Seasonal Affective DisorderThursday, December 17, 2009
Are you or someone you know cheerful and energetic until November and December roll around? It could be a sign of a condition called seasonal affective disorder, which Dr. Edward Hill tells us about in todays 60 Second Housecall.
Many people suffer from seasonal affective disorder, aptly abbreviated SAD or sad. People with SAD usually feel fine in the spring and summer, then experience symptoms of depression in the fall and winter. Their energy lags, they eat more and gain weight, they want to sleep a lot, and they may have trouble getting up in the morning.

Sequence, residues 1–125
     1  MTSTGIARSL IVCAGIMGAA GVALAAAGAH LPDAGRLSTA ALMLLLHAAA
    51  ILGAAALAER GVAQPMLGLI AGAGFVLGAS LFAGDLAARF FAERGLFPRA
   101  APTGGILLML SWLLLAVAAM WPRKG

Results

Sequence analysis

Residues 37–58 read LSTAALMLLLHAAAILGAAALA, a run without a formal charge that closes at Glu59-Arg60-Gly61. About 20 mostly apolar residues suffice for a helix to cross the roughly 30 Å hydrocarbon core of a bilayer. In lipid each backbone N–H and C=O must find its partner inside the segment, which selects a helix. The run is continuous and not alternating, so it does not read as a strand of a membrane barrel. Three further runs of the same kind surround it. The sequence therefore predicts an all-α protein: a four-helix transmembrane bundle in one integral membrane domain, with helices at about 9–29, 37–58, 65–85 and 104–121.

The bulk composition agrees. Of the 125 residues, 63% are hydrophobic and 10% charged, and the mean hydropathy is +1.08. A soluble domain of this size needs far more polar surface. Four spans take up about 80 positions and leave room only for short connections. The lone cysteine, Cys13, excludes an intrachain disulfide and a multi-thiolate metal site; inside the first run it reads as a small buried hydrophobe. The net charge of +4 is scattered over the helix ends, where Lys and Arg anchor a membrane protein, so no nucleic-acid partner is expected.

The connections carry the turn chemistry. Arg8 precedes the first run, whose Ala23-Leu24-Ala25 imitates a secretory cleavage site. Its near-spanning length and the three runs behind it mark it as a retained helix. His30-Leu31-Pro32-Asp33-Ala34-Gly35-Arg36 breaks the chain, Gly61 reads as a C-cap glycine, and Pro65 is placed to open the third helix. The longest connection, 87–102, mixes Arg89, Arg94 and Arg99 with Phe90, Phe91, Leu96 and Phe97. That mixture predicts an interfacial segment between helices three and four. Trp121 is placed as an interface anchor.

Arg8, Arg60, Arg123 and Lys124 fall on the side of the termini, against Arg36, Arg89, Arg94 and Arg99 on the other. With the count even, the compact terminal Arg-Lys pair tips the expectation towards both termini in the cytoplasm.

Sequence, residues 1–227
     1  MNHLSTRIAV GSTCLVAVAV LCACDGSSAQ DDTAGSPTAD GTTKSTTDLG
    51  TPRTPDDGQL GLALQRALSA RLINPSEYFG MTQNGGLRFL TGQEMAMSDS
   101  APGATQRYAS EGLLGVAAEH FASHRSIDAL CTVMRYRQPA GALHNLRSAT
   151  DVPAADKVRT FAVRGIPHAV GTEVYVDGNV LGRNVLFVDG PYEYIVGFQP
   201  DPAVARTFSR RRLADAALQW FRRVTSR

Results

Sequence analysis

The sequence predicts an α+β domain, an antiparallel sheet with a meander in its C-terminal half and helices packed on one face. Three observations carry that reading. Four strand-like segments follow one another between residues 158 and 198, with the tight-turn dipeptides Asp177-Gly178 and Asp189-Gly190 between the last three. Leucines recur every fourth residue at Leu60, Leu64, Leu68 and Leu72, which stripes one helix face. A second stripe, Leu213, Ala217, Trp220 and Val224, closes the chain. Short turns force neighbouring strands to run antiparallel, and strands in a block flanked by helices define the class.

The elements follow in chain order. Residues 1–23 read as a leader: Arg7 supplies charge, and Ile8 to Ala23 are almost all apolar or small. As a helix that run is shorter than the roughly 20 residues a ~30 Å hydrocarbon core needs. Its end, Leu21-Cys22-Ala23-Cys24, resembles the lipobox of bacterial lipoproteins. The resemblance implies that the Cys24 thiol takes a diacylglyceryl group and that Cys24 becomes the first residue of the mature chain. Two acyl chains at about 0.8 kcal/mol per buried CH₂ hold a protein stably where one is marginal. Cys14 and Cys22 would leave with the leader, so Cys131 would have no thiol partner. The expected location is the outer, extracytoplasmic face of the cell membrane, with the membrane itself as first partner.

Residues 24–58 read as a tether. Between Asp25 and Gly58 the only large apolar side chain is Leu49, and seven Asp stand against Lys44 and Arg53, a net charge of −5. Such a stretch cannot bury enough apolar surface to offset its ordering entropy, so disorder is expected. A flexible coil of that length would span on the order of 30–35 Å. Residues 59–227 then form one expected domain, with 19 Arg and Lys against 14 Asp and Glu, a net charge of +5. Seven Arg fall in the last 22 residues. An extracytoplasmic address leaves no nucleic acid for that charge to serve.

People with SAD tend to stay in a deep sleep later into the morning, and then feel lethargic, drowsy and fatigued during the day.
As many as 1 in 20 people suffer from SAD. Many people have milder versions of SADtheir symptoms are still evident but not severe enough to qualify as a major depression. About two out of three people diagnosed with SAD in the United States are women.
Treatment can be as simple as prolonged exposure to bright light that resets the body and brain chemistry. Some patients need antidepressant medication. A change in sleep patterns may also help.
For North Mississippi Medical Center, Im Dr. Edward Hill.